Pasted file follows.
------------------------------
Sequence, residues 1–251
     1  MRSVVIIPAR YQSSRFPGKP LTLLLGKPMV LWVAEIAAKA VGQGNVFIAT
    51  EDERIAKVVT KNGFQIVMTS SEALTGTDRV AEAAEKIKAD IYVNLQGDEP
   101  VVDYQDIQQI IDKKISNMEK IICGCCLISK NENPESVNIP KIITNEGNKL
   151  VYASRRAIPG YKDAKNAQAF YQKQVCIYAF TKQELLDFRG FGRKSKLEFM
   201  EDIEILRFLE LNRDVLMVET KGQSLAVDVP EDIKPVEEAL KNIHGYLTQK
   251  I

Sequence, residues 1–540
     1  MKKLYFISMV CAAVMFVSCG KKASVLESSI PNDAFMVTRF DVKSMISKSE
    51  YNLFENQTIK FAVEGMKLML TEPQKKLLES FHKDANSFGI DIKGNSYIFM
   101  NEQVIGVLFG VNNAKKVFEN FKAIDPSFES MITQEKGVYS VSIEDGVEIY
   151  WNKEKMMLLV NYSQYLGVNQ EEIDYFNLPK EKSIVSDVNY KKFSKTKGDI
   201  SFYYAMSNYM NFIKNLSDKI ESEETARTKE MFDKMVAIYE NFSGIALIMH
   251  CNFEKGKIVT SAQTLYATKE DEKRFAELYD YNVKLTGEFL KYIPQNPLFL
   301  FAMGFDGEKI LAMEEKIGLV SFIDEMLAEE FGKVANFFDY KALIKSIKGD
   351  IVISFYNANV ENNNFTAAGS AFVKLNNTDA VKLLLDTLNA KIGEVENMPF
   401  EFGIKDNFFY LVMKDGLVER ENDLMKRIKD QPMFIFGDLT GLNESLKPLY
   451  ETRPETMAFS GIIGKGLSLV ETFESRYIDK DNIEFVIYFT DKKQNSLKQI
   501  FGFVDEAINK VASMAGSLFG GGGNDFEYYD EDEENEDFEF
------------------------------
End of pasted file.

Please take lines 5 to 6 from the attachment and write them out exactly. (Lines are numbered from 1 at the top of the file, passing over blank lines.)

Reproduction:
   151  VYASRRAIPG YKDAKNAQAF YQKQVCIYAF TKQELLDFRG FGRKSKLEFM
   201  EDIEILRFLE LNRDVLMVET KGQSLAVDVP EDIKPVEEAL KNIHGYLTQK